Focus on History: Lafayette in Fort Hunter


The Marquis de Lafayette visited Schoharie Crossing by canal boat in 1825 and had a reunion with two Mohawk Valley patriots.

According to Jim Kaplan of the Lower Manhattan Historical Association, there are plans to commemorate Lafayette’s American tour to mark its 200th anniversary in 2024 and 2025.

The Marquis was a wealthy French aristocrat whose father had been killed by the British in the Battle of Minden in the Seven Years War, when young Lafayette was only two years old.

Lafayette grew up to fight alongside George Washington during the American Revolution. Lafayette played a key role in the British defeat at Yorktown, Virginia in 1781. 

During the American Revolution, the Frenchman visited Johnstown New York and was entertained by the families of Jacob and Thomas Sammons, who leased the former Johnson Hall for four years after the Loyalist Johnson family fled to Canada.

In 1824 President James Monroe, who had befriended the French nobleman when they both served on General Washington’s staff, invited Lafayette to tour the United States. In 1825, the Marquis was traveling east on the New York Erie Canal through the Mohawk Valley. 

Thomas Sammons and his son Simeon from the Mohawk Valley were going west by canal boat from Albany. When they arrived in Schenectady, the town was festooned with flags, flowers and evergreens.

The Marquis de Lafayette was expected to arrive that day. However, according to an account printed in “Illustrated History of Montgomery & Fulton Counties, New York, 1772-1838” published by F.W. Beers in 1878, word came that Lafayette would not get to Schenectady until the next day.

Sammons proceeded west on the canal in hopes of meeting up with Lafayette’s packet boat. When the Sammons boat came to Fort Hunter, where the canal crossed the Schoharie Creek east of Fultonville, Lafayette’s vessel approached from the other direction.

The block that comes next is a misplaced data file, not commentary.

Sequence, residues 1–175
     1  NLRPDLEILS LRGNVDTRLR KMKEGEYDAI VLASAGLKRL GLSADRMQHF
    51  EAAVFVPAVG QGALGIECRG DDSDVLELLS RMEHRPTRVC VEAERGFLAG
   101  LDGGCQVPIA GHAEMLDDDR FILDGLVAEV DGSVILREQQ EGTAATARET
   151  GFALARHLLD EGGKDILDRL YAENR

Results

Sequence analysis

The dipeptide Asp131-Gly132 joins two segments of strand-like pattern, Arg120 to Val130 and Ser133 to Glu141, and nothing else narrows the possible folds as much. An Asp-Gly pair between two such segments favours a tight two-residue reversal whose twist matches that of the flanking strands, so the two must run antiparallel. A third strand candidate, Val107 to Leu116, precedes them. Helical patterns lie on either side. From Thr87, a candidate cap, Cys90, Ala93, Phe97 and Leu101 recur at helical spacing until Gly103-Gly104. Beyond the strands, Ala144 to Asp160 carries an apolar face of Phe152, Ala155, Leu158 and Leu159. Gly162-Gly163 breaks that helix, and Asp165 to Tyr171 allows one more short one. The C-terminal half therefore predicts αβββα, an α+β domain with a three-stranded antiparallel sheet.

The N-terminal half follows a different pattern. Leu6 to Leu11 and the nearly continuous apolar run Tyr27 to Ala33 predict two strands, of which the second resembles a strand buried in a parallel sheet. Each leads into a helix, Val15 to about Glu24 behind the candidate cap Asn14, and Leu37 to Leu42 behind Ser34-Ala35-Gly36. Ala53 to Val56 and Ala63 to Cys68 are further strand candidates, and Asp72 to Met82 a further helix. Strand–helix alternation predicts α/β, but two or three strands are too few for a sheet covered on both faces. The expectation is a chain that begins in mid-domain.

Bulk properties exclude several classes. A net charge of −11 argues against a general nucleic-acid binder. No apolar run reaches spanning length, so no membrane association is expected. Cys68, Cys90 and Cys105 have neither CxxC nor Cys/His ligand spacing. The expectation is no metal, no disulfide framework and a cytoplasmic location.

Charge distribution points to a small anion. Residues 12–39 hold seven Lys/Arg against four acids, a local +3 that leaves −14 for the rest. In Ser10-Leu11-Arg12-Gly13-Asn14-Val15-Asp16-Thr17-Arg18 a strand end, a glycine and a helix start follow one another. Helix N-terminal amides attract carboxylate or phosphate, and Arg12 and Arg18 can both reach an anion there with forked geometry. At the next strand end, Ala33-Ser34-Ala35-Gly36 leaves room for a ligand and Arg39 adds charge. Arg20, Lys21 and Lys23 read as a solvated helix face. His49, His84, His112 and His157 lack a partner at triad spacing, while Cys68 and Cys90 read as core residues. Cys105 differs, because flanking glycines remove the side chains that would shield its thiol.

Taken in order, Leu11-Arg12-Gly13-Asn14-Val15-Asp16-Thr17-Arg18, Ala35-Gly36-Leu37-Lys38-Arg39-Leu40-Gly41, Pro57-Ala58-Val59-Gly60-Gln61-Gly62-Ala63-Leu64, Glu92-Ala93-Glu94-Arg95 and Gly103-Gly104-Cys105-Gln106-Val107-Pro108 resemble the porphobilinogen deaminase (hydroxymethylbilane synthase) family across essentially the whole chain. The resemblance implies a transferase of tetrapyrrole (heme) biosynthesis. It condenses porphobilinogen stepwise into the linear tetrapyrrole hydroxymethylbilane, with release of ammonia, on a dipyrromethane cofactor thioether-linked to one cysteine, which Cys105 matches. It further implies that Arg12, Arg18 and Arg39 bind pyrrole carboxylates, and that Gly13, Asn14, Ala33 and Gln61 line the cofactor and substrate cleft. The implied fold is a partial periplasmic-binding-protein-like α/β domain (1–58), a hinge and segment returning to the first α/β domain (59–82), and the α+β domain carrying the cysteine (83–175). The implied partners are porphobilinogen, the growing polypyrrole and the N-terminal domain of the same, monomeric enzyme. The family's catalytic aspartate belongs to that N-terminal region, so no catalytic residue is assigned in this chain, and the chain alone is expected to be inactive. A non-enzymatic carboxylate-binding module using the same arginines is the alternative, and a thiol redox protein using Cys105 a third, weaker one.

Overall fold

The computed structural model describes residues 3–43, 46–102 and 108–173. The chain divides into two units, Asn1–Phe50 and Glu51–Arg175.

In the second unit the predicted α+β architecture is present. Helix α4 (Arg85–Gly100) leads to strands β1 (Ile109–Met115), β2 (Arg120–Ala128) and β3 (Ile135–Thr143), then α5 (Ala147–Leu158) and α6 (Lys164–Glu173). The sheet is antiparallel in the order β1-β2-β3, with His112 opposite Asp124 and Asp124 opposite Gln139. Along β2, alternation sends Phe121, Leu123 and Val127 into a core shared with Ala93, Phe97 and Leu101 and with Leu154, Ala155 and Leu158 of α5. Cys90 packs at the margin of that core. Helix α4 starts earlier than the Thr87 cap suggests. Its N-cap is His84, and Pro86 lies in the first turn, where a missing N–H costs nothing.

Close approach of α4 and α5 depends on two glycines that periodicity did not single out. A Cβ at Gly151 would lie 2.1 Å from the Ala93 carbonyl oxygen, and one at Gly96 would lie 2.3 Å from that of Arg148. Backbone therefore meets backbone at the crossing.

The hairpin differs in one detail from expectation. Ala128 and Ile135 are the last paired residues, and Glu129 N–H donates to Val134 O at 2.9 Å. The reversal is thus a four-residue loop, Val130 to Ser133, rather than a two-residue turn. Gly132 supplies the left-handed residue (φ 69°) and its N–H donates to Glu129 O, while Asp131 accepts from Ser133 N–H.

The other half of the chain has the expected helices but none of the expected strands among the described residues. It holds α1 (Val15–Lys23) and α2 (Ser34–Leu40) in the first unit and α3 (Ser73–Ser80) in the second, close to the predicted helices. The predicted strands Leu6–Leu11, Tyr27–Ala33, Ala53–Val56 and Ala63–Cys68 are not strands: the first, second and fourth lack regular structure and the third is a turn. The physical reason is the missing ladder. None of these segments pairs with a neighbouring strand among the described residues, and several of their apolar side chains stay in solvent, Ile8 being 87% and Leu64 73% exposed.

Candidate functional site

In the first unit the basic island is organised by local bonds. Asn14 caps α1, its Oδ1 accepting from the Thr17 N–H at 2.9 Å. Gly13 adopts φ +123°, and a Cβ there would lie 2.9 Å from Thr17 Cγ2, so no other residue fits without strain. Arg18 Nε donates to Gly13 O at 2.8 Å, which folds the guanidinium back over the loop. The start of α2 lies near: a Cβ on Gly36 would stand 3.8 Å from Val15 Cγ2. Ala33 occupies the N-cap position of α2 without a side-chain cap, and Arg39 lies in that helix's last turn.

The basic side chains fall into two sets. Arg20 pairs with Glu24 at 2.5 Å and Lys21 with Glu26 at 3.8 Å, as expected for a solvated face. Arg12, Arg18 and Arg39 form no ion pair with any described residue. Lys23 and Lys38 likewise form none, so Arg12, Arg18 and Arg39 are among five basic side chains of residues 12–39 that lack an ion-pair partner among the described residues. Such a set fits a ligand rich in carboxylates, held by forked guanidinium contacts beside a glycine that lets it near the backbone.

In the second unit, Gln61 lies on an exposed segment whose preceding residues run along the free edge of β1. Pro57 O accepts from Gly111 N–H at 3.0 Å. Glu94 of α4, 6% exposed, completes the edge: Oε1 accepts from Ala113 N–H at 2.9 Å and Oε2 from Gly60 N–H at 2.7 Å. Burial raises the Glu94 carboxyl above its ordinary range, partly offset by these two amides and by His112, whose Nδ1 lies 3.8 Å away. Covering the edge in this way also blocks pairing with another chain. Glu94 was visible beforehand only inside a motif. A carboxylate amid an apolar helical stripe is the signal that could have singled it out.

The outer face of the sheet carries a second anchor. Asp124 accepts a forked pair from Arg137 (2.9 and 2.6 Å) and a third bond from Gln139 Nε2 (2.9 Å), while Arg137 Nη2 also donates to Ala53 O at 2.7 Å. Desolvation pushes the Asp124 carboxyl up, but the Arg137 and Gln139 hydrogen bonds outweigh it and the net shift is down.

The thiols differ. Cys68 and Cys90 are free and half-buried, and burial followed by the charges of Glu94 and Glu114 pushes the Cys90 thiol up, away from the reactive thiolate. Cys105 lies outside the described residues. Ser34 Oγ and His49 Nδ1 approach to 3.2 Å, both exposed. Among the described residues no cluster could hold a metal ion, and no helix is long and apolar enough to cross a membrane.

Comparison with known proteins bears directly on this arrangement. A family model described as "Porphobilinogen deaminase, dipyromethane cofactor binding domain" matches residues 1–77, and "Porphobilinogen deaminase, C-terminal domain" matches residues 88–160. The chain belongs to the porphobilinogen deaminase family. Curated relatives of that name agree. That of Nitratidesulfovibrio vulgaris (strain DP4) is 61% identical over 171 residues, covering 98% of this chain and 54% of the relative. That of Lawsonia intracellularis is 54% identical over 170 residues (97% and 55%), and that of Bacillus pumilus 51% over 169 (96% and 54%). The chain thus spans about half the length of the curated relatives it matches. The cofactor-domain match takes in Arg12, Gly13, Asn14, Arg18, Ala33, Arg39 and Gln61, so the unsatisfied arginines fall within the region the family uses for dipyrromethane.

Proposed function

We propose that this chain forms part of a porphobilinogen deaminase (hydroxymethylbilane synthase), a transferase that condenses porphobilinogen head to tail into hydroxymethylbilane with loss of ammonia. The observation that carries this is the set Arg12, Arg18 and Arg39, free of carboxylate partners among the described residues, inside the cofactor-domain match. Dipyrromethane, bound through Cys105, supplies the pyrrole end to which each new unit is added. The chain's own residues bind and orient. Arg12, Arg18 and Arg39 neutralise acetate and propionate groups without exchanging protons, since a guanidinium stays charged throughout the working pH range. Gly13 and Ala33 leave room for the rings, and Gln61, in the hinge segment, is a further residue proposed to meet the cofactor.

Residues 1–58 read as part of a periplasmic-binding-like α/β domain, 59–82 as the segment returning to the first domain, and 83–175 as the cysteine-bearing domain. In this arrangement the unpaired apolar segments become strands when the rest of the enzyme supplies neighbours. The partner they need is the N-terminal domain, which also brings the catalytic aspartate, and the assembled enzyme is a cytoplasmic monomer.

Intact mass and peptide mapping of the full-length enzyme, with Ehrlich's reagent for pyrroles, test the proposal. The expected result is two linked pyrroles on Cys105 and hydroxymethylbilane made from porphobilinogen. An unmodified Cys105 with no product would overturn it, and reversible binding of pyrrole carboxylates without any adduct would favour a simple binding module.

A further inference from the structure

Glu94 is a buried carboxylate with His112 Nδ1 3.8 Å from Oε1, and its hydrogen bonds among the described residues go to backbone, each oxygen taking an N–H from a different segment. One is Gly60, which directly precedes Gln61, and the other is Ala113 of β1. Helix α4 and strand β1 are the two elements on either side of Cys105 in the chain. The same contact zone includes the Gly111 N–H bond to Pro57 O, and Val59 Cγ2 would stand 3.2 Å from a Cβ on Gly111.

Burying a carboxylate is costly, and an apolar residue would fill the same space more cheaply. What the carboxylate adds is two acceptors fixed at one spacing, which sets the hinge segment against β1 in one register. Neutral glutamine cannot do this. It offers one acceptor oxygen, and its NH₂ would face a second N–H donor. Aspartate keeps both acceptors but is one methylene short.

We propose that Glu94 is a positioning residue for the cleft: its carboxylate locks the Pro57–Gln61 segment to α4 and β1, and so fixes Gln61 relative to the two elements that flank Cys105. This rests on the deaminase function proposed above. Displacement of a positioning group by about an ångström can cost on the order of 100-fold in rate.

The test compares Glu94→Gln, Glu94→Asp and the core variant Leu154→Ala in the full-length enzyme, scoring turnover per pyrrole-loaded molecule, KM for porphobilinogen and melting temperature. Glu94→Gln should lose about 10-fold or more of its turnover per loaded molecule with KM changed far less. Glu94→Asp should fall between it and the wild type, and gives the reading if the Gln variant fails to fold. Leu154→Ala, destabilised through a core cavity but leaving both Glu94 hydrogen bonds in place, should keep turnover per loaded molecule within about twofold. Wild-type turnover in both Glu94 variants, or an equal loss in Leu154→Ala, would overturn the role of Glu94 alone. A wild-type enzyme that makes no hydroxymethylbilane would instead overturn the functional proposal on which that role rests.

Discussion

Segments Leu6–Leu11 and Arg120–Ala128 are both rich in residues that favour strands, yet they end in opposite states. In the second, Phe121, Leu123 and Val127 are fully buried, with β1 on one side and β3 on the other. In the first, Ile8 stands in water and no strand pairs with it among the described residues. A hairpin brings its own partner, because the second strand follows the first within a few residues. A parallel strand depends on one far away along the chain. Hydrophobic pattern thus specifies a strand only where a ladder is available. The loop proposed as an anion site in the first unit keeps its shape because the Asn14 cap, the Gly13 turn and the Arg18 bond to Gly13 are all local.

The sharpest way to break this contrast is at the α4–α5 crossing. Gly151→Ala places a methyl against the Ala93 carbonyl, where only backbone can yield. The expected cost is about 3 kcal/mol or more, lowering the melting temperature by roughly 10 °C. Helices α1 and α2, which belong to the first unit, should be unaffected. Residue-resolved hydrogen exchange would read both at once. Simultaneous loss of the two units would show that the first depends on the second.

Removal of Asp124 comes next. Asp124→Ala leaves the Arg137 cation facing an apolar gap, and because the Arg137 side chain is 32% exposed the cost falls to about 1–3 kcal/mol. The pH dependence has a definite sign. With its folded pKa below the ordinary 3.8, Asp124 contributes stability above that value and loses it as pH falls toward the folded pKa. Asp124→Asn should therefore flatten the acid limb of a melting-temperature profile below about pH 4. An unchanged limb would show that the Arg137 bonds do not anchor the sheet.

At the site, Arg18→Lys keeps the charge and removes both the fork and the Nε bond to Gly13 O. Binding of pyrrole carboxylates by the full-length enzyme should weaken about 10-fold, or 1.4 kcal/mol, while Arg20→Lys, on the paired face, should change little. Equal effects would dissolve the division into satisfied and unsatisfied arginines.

Beers’ history book had this account of the meeting, “Mr. Sammons’ boat was at the crossing when the packet conveying the illustrious Frenchman bore down upon it, decked with streamers and evergreens, even the harness of the horses bristling with flags. A jubilant crowd upon the tow-path, horseback and on foot, kept abreast of the coming boat. Sammons was exhorted to hurry across the creek and out of the way, that there might be no unnecessary delay to the progress of nobility. He, seeing his opportunity, hastened to comply, and landing with his son, came back to the towing bridge from which he was able to board the packet as it arrived.”

The Marquis was reclining on a couch but recognized his old friend Sammons. Sammons and Lafayette had a brief reunion, extended when Lafayette ordered the boat be held there for a time, against the wishes of its captain.

The Beers’ book continued, “Mr. Sammons stepped ashore, as may well be supposed, a proud and happy man, and his son a proud and happy boy, no doubt, or he would never have told the story with such readiness and spirit when on the downhill side of life.”

The boy, Simeon Sammons, grew up to be the commander of the 115th New York State Volunteer Regiment in the Civil War. Sammons was wounded in the foot at the Confederate victory at Olustee, Florida in 1864. He recovered but was wounded again when the regiment fought at the Crater in Petersburg, Virginia. Simeon then returned to Fonda and later was elected to the State Legislature.

Lafayette died in Paris in 1834. Thomas Sammons, who served two terms in Congress in the early 1800s, died in Johnstown in 1838. Simeon Sammons died in Fonda in 1881.



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